Int J Biol Sci Image
 Figure 8 

Downregulation of immune, inflammatory and apoptotic genes as consequence of blockage of BET proteins under UPR activation. (A) HK-2 cells were untreated or treated with Tg (4 μM, 24 h) in the presence of JQ1 (+) or its enantiomer, JQ1 (-). (B) Kidney samples were obtained from the sham, IRI and IRI+JQ1 mouse groups (n=5 per group) at 3 (t3) and 24 (t24) h post-reperfusion. Expression of XBP1-dependent genes (IL6, IL23A, TLR3, TRIB3, NURP1), XBP1/ATF4-dependent genes (CXCL3, VNN1) and ATF4-dependent genes (MST1) was measured by RT-PCR analysis; GAPDH was used as a housekeeping gene. Data are summarized as the mean ± SEM of at least three independent experiments. Statistical analyses involved use of the two-tailed Student's paired t-test and Mann-Whitney U test. *p<0.05 vs. control (Ctrl, DMSO) or sham group, and # vs. cells treated with Tg + JQ1 (-) or IRI group.

Int J Biol Sci Image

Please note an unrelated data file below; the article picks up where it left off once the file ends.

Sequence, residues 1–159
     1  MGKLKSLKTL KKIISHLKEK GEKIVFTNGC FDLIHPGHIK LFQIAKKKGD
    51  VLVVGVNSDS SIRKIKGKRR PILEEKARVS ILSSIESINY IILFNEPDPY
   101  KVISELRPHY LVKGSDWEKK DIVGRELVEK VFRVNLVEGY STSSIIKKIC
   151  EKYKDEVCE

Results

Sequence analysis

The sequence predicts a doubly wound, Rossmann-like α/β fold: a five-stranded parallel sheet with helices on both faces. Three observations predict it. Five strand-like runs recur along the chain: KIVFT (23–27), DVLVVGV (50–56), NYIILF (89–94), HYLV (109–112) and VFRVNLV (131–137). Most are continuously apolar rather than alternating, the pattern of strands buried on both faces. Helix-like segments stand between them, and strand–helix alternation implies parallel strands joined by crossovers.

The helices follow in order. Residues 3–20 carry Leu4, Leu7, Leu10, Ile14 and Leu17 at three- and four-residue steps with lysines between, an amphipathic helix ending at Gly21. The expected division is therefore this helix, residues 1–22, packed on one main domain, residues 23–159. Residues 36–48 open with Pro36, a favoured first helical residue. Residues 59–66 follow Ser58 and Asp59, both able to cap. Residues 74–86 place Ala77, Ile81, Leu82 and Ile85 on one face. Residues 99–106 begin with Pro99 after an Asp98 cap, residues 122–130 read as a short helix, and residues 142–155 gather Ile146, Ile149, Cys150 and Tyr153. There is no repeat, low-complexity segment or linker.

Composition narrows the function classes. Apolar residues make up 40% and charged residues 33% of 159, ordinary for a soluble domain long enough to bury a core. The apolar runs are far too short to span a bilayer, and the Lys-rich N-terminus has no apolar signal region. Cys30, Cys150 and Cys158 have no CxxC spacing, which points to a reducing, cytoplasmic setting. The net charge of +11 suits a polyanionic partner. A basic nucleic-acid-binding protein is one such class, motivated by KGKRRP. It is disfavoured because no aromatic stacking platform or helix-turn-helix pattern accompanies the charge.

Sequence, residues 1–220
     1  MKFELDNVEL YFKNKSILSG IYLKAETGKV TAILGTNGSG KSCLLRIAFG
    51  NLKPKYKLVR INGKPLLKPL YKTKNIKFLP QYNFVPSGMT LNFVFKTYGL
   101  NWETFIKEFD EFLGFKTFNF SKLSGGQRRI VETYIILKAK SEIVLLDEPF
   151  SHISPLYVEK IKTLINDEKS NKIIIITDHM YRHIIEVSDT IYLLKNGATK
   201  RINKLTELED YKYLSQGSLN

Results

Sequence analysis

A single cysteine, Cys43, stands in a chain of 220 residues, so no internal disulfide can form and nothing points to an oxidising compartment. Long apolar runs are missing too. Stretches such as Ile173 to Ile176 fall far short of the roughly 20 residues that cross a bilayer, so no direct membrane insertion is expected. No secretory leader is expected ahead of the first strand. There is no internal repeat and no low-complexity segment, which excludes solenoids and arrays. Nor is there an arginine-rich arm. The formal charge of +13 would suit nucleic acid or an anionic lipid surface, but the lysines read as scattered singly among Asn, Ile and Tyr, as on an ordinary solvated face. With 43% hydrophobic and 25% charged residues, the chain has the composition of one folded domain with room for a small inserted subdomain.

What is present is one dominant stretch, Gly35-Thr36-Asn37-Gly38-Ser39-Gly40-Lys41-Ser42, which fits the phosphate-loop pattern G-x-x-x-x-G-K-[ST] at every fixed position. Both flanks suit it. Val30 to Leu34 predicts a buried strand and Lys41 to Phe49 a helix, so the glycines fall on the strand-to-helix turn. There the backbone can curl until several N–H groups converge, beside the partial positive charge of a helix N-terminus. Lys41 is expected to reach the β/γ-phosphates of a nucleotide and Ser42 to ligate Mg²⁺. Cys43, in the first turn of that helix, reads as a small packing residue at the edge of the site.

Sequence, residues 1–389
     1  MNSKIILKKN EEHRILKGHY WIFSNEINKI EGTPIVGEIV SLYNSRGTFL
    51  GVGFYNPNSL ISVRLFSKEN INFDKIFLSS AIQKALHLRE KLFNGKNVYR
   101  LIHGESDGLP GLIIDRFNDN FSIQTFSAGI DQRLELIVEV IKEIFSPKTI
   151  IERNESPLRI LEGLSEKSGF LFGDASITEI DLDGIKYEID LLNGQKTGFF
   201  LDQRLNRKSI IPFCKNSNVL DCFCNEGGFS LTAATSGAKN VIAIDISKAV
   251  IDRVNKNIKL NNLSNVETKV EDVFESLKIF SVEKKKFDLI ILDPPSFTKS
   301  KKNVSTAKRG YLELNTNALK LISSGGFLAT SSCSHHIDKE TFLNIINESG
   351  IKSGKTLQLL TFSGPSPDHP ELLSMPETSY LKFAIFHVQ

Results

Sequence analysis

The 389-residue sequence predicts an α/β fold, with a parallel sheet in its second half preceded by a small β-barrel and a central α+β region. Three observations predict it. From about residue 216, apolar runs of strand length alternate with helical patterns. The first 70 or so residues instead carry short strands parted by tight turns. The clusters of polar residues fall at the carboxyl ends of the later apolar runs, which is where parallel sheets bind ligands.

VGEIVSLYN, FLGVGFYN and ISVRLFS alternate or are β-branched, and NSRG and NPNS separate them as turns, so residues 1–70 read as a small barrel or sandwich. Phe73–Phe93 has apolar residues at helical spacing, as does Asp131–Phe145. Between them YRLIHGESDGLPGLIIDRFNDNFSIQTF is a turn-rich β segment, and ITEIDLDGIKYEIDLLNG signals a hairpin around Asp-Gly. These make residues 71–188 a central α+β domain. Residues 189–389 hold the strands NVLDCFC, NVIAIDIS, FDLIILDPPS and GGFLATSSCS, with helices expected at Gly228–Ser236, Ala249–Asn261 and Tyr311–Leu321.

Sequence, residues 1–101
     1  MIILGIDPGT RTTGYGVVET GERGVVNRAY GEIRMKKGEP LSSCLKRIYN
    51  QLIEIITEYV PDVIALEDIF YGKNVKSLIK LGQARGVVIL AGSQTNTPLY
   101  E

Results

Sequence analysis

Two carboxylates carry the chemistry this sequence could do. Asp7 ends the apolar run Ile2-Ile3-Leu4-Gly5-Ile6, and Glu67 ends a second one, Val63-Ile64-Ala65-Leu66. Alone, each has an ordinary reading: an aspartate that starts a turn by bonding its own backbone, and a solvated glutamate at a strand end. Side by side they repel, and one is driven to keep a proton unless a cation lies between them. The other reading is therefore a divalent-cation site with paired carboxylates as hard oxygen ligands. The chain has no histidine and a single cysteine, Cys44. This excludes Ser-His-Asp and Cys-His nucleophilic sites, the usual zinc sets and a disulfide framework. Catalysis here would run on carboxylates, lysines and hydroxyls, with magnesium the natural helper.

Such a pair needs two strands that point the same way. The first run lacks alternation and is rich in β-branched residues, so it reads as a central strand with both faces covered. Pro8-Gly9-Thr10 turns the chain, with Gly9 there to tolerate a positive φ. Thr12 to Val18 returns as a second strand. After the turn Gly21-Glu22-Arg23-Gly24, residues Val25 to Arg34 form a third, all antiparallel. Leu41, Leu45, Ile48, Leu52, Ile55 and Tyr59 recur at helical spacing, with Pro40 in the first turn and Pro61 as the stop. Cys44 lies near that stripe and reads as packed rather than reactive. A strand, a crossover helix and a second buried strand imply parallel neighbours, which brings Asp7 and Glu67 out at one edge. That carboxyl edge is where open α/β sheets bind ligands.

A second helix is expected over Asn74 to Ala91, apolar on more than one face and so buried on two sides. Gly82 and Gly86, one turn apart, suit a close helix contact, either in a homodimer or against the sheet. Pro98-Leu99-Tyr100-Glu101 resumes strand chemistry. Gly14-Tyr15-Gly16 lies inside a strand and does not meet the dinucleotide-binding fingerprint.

BRD4 belongs to a family of transcriptional mediators, the BET proteins, that recognize and bind to acetylated residues to further recruit the p-TEFb elongation complex and activate RNA pol II, leading to gene transcription [34]. Our results reveal that in tubular cells exposed to hypoxia, BRD4 is highly recruited to the promoter region of ATF4 and XBP1 genes, a process abolished in the presence of JQ1. The reduction in the BRD4 recruitment is correlated with an impaired RNA pol II phosphorylation, leading to the inhibited transcription of these genes. BRD4 also binds to enhancer regions, regulating the expression of genes requiring a quick response, such as those mediated by NF-κB or the proto-oncogene c-MYC [35, 36]. The activation of UPR after an ischemic insult needs to be immediately triggered in the cell if the damage is to be repaired and if ER homeostasis is to recover. Wilflingseder et al. [37] recently demonstrated that, after ischemic renal damage, BRD4 is located next to the acetylation of H3K27 residues in “enhancer” and "super-enhancer" regions, allowing rapid enhancement of gene transcription in response to the initial stimulus. These data reinforce our results by revealing the key role of BET proteins in the rapid and efficient response following to an ischemic damage. Moreover, these authors demonstrated that the BRD4 expression in the renal tissue is not modified after ischemia, in accordance with our results where the BRD4 protein levels remained unchanged, both in vitro and in vivo, following UPR pathway activation. Thus, the changes induced by BRD4 after an ischemic insult are mainly mediated by the recruitment of this epigenetic remodeler to the regulatory regions of the ATF4 and XBP1 genes. However, our results differ from those published by Liu et al. [38] who reported a significant increase in BRD4 protein levels during hypoxia and subsequent reoxygenation which were then reduced in the presence of JQ1. Their study concluded that the contribution of JQ1 to alleviate the ischemic renal damage is attributed to the modulation of BRD4 expression, but in any case, they demonstrated the changes in the recruitment of BRD4 to the analyzed genes. Moreover, their animal model of IRI, involving right kidney nephrectomy and 30 min of ischemia in the left kidney, differ from us, so these results should be analyzed with caution.